After a hard hit from the COVID-19 pandemic, Sun Theatre resumed business on Oct. 22 for its showing of “James Bond: No Time to Die.”
When the theatre closed on March 8, 2020, due to COVID, it was the first time the theatre had been closed since its opening in 1947 (besides the annual day off on Christmas Eve).
During a tour of the facility, Dan Robitaille, the owner of the Sun Theatre, said the theatre’s outreach extends beyond the small town of Williamston. People from all over the country who have visited the one-screen theatre have extended a helping hand. Patrons have sent checks in the hopes of restoring the theatre back to normal.
“The Sun Theatre is a huge draw to our downtown area where people get dinner or shop before seeing a film,” said Corey Schmidt, Williamston city manager.
For those who are local, families attend “treat night” where they purchase popcorn from the theatre’s concession stand. For most of the pandemic, the theatre survived off of concession profits and the tip jar that Robitaille described as an extremely generous amount of money.
“The theatre has been back up and running,” said Peter Porciello, Tax Increment Finance Authority Chair and Williamston resident. “With COVID, people are now doing what they are comfortable with while remaining cautious.”
Due to the theatre’s historical significance and the family-friendly atmosphere, it attracts not only local Williamston residents but approximately 60,000 people a year, said Robitaille.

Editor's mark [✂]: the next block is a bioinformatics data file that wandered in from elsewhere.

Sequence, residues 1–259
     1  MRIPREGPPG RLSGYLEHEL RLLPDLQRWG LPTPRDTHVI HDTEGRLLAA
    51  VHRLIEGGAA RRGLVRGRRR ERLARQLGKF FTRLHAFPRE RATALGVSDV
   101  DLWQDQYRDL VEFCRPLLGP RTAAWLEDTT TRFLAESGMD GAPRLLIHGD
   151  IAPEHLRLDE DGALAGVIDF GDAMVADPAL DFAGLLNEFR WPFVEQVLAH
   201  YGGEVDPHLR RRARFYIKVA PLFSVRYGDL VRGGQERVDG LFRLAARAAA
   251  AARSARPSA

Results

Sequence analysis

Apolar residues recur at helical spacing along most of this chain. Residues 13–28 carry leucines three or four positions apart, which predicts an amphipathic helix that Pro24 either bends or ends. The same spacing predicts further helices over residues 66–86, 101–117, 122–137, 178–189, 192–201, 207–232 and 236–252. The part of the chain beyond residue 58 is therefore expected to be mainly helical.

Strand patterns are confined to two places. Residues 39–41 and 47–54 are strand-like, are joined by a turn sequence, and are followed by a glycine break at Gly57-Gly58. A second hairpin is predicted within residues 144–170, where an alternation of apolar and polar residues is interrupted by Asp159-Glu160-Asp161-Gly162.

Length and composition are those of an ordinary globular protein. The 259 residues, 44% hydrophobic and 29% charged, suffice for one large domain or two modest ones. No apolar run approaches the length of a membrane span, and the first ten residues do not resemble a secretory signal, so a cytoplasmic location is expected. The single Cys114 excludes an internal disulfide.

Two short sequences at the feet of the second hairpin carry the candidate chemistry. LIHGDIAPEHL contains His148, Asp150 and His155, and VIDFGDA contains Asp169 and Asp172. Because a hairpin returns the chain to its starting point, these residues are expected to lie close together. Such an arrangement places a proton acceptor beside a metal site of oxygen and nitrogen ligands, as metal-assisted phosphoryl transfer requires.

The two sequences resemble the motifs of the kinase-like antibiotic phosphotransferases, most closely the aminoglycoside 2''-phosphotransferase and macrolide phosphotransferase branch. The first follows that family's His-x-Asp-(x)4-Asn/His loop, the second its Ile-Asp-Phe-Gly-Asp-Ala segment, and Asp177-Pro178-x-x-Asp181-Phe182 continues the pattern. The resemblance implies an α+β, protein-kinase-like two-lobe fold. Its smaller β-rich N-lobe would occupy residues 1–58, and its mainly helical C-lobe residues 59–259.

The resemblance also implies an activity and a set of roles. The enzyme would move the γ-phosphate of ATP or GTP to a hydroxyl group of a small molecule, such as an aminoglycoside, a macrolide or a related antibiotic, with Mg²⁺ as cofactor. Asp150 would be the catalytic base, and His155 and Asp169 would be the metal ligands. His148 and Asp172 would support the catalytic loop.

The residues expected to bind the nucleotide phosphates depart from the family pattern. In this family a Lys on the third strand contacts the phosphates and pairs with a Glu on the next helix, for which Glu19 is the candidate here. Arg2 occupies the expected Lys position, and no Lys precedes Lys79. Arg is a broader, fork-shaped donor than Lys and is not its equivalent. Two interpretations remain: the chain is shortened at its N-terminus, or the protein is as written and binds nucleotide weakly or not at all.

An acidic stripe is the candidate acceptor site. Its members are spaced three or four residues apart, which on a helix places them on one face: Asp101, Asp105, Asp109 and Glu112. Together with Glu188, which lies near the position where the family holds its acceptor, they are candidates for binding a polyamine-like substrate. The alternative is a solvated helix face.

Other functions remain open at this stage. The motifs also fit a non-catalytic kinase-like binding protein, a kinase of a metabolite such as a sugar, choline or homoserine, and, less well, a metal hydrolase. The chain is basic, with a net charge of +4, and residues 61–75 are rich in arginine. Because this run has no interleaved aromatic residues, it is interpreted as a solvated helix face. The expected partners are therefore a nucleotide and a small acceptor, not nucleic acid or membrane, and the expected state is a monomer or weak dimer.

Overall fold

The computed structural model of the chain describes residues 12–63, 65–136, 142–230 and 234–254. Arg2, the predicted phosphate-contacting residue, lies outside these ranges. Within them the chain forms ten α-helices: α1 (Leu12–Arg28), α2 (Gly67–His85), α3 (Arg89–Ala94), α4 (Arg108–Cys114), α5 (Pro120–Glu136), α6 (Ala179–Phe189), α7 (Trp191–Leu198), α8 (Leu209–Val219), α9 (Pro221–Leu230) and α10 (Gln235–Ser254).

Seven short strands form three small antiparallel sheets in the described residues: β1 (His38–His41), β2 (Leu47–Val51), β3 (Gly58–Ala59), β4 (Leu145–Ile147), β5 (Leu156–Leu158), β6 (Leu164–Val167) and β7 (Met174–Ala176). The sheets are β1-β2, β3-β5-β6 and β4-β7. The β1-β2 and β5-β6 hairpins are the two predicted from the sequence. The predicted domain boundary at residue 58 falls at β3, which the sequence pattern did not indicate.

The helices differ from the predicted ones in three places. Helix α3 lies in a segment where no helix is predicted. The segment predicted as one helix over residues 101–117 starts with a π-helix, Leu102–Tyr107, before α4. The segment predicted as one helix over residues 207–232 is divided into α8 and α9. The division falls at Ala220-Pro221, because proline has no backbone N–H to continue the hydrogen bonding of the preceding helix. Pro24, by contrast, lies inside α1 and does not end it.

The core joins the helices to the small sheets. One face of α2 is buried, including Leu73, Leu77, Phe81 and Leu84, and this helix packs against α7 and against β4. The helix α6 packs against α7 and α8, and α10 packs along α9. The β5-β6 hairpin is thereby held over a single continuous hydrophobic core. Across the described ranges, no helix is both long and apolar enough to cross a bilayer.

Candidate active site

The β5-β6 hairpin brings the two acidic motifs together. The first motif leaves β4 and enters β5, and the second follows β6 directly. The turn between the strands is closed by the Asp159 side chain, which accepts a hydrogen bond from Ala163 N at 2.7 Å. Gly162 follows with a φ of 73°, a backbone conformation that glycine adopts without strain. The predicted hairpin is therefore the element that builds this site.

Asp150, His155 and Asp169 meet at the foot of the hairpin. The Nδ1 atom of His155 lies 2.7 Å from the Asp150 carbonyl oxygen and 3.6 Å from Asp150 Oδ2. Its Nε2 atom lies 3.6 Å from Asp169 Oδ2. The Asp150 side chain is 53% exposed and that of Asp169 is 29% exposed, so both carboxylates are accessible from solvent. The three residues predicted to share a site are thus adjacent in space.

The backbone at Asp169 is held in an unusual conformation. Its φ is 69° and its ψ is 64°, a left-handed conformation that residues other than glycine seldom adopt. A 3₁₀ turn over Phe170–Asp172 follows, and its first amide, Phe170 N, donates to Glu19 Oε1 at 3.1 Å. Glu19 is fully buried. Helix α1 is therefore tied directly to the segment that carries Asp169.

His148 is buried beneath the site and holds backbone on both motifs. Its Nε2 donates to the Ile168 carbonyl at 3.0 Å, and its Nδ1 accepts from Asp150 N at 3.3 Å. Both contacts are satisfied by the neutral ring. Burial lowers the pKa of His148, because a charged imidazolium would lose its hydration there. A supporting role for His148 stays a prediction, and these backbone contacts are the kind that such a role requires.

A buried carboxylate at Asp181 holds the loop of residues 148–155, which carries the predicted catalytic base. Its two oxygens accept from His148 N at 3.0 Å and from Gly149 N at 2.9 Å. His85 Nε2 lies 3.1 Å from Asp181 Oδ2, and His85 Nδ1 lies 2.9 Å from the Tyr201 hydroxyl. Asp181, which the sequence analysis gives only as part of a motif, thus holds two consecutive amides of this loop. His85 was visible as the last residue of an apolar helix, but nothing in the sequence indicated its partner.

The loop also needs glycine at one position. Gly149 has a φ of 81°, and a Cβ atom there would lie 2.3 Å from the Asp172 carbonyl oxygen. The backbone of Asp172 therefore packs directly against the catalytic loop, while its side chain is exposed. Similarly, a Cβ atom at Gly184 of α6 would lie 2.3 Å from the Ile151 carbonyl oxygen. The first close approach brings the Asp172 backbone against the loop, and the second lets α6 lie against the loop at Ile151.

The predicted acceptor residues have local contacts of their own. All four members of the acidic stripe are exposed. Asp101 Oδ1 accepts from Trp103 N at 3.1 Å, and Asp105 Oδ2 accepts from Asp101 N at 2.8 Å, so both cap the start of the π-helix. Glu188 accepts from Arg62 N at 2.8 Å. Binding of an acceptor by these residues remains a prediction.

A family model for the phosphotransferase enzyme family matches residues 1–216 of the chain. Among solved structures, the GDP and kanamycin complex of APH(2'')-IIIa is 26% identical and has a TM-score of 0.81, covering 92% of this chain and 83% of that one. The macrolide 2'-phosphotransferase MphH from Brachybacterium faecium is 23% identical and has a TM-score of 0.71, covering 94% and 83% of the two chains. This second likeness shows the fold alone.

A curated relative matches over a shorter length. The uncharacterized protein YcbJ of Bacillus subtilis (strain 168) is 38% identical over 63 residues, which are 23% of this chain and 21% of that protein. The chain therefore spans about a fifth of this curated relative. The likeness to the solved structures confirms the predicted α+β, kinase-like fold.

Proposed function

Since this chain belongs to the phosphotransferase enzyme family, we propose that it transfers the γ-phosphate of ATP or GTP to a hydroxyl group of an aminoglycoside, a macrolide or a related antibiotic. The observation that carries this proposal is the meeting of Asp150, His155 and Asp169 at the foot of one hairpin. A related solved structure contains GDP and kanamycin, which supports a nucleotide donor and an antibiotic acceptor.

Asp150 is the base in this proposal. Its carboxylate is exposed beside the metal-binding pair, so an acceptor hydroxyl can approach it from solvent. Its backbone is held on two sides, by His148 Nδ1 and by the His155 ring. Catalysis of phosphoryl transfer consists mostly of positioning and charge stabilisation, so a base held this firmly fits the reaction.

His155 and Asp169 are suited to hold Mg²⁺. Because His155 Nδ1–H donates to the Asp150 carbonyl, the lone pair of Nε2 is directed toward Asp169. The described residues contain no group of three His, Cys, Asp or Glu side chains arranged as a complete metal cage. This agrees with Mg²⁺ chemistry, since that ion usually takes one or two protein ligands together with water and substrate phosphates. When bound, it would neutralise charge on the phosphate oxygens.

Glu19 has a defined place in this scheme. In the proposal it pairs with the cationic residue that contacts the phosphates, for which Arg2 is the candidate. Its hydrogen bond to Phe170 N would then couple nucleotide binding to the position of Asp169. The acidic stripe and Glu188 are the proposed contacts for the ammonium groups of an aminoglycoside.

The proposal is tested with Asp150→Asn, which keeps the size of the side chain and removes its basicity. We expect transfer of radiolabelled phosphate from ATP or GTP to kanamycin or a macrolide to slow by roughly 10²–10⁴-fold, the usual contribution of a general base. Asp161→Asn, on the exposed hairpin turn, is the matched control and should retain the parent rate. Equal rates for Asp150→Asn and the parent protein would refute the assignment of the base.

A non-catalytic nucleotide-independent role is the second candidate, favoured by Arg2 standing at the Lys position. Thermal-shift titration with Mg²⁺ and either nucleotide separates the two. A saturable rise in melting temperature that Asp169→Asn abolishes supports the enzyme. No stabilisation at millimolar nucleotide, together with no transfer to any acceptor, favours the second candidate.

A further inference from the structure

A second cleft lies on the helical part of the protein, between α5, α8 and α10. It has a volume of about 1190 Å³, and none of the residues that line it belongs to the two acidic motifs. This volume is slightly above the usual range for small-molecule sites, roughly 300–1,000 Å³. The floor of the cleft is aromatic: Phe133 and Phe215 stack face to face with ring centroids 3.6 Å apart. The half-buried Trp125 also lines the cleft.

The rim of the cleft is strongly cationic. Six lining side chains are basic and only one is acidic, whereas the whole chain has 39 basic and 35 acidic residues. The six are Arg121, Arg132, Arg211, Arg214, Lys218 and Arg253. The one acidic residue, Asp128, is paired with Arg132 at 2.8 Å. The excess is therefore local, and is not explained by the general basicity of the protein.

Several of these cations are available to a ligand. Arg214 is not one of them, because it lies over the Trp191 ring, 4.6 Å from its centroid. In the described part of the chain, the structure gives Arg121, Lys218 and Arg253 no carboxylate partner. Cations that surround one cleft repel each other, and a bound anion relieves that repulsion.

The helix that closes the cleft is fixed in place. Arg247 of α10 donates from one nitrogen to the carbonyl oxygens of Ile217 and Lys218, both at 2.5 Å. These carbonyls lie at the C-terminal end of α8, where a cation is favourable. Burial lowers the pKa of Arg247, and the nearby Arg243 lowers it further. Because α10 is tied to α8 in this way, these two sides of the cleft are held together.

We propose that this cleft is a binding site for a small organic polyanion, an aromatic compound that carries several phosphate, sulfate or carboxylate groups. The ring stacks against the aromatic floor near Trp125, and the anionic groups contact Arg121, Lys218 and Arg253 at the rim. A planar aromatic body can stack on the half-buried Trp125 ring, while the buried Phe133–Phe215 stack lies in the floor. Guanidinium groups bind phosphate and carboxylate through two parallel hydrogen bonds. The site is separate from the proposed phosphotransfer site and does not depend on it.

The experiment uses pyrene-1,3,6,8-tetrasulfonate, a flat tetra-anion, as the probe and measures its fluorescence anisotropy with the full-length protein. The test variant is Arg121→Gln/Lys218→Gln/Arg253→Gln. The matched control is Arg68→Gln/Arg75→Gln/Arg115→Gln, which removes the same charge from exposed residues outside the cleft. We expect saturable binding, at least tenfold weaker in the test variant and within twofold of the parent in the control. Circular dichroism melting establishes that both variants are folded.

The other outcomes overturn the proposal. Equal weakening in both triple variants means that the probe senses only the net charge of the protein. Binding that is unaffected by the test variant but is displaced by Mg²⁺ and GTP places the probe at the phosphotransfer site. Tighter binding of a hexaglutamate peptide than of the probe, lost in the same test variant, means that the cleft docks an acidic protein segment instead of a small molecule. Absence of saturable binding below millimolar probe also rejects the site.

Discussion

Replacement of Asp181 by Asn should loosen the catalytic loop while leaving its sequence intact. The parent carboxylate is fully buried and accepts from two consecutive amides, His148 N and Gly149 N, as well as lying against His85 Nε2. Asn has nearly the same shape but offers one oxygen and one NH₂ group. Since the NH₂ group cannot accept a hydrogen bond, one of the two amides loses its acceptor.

Infographic By Chloe Porfirio
During the re-opening, the theatre underwent multiple renovations. Due to the air conditioning that ran over the summer, there was a condensation problem. The chairs in the theatre began to develop mold along with the ceiling tiles.
“The tip jar was huge. The tip jar was my roof fund,” said Robitaille. “There were 150 wet ceiling tiles that were just an eyesore.”
What was supposed to be a multi-thousand-dollar project ended up being almost entirely funded by the theatre’s concession tip jar?
The Future of Sun Theatre
Sun Theatre front including its historical 1940s facade.
Inspired by the movement #SaveYourCinema, Robitaille said his plans for the theatre in its long run. His upcoming project revolves around maintaining the original exterior facade that was created in the forties.
“Our National Association of Theatre Owners, […] talks about them trying to lobby to save our theatres,” said Robitaille.
He spoke about the struggles they faced solely with applying for grants. On a local level, they went to apply for Ingham County grants that would be closed after a minute of just being posted. The owner spoke of his wife putting in 36 hours of work, decades of documents, just to receive grants that barely supported their needs.
However, the couple, who are second-generation owners to Dan Robitaille’s parents are very thankful for the constant outpouring of support from people across the country. They have even created gifts like coffee mugs, t-shirts, and sweaters that they send out to those who are missing their hometown.
Robitaille spoke of a 92 year-old-woman who has lived through five generations of family in Williamston and although she now lives in California, she continues to donate and reach out.
In light of the theatre reopening, they were able to serve the family-friendly audience they have catered to for so long. On Nov. 2, the theatre hosted a children’s party that filled its seats with running children.